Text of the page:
Many of the records maintained in America’s courthouses—records that historians and some other fields generically call “primary” sources—are duplicate originals or record copies rather than true originals. Does it matter? For the next several postings, we’ll consider the processes that created these legal records, the reasons why differences matter, and characteristics by which we can recognize the type of record we are using.
QuickTips: The Blog @ Evidence Explained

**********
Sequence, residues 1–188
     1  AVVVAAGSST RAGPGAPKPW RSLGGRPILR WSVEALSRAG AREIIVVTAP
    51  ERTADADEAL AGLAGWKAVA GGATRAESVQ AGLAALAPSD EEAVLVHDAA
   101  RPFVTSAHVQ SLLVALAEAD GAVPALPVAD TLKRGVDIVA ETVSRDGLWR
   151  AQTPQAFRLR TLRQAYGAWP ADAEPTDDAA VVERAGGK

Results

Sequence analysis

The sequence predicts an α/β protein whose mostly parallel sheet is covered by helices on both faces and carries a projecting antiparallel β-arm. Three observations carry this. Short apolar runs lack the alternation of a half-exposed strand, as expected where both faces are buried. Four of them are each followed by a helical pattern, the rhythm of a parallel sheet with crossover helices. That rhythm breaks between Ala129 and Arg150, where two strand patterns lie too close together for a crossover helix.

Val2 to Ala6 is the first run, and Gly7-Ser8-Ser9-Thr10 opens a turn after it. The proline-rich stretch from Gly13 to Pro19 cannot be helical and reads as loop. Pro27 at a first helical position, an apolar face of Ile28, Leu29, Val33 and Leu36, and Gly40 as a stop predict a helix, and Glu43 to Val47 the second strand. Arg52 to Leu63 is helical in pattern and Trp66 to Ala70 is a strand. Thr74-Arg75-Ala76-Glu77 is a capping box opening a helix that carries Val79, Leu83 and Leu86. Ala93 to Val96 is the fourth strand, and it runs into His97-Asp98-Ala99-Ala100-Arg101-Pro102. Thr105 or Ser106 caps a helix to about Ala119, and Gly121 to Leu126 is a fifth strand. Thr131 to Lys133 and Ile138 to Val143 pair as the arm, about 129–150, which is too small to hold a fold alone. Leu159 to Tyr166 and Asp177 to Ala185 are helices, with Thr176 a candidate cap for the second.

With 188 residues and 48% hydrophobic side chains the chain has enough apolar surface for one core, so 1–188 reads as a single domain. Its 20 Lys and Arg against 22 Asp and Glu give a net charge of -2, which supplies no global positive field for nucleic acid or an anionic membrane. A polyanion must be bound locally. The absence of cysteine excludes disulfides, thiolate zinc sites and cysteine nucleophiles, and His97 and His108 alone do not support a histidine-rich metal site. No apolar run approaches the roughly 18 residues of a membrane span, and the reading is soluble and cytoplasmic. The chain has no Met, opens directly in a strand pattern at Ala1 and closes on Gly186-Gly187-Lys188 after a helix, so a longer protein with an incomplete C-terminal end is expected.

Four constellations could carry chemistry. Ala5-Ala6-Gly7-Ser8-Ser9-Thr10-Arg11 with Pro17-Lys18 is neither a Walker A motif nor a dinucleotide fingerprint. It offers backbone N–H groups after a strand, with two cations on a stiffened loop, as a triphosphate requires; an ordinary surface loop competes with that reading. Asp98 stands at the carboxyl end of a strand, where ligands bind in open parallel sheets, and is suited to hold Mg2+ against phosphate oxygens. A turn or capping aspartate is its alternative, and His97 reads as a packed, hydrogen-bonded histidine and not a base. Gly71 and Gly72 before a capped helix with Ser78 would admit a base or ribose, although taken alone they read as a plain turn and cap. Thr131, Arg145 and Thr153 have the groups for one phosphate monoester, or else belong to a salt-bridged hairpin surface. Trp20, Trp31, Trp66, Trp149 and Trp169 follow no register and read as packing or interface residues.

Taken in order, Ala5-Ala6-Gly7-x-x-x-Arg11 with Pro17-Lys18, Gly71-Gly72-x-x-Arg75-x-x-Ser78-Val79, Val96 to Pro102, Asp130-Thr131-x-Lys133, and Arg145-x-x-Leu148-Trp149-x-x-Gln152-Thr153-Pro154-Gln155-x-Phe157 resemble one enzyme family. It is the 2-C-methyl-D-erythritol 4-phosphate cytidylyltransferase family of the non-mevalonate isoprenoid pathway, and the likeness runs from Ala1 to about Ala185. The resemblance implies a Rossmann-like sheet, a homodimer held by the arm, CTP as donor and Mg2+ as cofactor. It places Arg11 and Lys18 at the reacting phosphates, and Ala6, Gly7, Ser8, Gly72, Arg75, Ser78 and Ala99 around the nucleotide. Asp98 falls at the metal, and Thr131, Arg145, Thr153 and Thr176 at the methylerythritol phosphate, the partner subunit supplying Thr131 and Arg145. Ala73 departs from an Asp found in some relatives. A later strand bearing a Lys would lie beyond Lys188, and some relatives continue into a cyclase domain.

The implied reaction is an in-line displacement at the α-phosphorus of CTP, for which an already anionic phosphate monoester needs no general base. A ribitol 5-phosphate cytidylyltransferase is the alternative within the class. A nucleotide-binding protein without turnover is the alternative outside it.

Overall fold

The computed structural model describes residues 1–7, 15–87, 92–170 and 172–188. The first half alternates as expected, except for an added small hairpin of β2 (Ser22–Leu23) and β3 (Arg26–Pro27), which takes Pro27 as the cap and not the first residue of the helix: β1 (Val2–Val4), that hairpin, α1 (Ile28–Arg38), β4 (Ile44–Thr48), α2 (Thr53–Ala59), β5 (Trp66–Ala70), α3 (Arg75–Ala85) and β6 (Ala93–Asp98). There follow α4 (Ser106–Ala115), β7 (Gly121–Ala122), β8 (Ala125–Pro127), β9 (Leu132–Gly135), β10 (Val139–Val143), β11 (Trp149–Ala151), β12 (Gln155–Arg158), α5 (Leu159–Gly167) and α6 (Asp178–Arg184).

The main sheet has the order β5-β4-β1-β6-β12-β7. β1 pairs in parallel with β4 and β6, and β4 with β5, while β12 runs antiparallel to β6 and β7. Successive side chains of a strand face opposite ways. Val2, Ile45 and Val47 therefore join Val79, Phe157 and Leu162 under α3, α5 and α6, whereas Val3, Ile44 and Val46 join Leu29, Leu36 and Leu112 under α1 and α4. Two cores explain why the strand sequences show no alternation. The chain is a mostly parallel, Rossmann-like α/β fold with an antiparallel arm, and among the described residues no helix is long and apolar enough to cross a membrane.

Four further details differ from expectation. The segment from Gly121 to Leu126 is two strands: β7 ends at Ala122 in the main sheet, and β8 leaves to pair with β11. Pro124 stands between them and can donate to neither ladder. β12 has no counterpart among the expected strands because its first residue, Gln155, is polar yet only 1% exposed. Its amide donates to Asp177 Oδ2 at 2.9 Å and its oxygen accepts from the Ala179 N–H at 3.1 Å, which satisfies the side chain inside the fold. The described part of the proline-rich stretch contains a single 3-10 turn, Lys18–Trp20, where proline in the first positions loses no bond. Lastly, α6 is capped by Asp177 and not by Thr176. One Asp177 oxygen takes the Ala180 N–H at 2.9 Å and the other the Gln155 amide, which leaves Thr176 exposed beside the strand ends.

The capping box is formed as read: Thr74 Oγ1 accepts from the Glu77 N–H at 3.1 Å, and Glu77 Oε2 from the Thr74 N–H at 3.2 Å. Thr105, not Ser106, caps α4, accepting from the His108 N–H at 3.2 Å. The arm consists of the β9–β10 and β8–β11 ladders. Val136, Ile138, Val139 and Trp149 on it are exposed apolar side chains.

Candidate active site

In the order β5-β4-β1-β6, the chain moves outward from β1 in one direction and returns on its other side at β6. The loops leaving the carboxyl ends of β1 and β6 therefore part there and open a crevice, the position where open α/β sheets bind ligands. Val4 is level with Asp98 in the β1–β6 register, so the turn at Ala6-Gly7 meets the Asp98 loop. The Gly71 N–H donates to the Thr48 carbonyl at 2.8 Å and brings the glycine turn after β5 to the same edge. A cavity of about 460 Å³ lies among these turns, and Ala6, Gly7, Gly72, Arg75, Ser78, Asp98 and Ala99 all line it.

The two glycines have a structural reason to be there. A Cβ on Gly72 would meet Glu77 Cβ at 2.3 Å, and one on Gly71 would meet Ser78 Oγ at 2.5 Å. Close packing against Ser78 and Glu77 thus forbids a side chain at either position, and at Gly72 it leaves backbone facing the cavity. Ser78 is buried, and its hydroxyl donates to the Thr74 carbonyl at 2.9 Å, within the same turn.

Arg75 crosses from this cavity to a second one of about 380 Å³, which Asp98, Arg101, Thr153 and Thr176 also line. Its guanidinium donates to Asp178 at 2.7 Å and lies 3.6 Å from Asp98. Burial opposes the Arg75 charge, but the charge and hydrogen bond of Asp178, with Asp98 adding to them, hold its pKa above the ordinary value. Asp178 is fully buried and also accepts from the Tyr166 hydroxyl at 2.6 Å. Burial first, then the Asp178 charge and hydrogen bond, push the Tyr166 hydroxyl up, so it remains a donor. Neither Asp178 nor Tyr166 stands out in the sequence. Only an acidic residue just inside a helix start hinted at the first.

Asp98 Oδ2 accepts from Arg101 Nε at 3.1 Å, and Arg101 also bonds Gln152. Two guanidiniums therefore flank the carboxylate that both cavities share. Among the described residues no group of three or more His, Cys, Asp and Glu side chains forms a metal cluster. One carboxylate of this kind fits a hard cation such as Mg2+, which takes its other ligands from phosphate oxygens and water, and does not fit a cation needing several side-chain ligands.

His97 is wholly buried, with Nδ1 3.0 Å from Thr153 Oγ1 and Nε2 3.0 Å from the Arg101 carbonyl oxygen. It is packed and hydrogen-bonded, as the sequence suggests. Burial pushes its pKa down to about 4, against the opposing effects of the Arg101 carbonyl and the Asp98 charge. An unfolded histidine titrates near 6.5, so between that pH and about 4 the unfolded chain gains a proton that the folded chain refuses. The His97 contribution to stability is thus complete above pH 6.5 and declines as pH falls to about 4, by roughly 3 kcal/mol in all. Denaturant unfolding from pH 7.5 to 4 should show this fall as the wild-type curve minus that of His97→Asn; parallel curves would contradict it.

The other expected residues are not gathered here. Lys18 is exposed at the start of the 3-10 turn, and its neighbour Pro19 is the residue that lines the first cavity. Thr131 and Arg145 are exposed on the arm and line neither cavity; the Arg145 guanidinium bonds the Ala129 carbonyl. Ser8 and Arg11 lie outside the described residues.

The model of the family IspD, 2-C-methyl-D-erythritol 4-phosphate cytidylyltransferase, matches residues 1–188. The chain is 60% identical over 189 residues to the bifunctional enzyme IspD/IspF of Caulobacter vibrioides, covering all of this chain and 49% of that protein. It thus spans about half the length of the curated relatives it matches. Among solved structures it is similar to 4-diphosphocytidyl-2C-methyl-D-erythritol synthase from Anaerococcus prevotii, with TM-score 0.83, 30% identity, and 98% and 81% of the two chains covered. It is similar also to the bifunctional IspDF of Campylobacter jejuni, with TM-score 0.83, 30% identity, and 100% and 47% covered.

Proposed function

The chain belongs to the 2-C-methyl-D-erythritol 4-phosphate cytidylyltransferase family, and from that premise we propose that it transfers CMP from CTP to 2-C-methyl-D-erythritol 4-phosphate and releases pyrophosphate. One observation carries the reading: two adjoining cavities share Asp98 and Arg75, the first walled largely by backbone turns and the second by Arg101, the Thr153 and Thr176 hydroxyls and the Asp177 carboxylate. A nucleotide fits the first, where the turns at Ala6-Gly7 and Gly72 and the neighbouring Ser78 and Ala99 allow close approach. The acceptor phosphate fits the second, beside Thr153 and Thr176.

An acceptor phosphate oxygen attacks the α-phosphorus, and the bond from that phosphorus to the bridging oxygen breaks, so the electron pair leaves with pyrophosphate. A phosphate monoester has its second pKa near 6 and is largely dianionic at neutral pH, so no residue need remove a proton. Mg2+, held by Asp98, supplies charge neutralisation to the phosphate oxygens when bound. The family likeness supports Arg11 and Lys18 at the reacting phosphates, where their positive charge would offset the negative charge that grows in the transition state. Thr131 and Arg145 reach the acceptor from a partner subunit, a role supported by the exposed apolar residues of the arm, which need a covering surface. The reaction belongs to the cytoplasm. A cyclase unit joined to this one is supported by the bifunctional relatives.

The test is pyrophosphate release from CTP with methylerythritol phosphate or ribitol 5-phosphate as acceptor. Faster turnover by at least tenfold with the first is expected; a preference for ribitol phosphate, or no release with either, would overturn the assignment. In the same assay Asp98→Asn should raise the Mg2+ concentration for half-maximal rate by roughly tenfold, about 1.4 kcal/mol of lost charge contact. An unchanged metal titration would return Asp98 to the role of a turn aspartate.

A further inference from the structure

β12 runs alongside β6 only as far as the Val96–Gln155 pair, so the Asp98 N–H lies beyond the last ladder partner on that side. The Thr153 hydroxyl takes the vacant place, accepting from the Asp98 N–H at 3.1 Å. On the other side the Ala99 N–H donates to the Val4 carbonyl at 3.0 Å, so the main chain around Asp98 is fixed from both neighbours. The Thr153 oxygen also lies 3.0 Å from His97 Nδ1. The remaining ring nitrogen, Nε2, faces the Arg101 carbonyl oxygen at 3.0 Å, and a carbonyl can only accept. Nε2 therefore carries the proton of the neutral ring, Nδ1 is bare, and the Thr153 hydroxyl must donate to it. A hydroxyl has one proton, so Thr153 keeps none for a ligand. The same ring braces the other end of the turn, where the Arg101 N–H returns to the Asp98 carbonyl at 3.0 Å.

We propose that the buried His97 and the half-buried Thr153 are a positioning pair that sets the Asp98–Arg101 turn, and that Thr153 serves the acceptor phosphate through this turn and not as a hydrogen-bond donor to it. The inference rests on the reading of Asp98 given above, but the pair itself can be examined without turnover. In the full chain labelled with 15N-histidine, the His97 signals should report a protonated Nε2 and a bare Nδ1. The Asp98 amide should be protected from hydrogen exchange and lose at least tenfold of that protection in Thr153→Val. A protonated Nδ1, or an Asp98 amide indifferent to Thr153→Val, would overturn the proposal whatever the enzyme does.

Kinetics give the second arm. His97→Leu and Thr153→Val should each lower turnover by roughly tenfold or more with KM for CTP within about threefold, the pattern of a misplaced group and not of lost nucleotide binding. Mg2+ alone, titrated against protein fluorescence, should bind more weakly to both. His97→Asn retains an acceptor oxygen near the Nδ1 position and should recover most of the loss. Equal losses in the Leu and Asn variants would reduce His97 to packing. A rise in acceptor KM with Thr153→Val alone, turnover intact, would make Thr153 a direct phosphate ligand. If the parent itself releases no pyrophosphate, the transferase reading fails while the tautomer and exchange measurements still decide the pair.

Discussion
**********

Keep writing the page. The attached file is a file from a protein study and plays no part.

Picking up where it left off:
27 February 2014 Many of the "original" court records we consult at the city and county level are "record copies," rather than "true originals." Historically, attorneys presented the court with individual documents relevant to the case at hand. The court clerk then ...
30 January 2014 When analyzing sources, the first question we ask ourselves should be: “Is this an original or a derivative?” However, this basic question is just a starting point for our evaluation of reliability. Some material falls clearly into one extreme or the other, but many resources fall somewhere on a sliding scale between those extremes.